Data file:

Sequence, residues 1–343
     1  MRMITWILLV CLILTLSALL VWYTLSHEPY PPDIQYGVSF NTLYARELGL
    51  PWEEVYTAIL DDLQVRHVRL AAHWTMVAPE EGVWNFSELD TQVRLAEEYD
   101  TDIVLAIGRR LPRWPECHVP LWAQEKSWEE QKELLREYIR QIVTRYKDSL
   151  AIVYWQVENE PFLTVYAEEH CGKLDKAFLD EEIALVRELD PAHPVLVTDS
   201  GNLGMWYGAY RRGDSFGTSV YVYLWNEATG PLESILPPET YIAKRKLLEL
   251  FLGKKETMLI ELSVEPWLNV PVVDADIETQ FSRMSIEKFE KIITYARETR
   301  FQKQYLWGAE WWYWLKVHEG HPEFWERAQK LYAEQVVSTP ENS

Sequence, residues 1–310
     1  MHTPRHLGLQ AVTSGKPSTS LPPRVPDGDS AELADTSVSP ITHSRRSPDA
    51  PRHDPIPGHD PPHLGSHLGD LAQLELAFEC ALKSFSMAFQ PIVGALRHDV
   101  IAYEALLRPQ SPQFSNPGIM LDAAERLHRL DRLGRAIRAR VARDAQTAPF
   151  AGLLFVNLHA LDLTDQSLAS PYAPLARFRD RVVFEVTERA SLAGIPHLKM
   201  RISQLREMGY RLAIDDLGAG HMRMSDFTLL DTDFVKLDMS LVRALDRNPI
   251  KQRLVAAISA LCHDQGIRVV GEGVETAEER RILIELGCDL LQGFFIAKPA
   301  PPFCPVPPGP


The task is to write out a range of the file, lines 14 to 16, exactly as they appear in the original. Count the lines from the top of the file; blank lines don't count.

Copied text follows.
   201  RISQLREMGY RLAIDDLGAG HMRMSDFTLL DTDFVKLDMS LVRALDRNPI
   251  KQRLVAAISA LCHDQGIRVV GEGVETAEER RILIELGCDL LQGFFIAKPA
   301  PPFCPVPPGP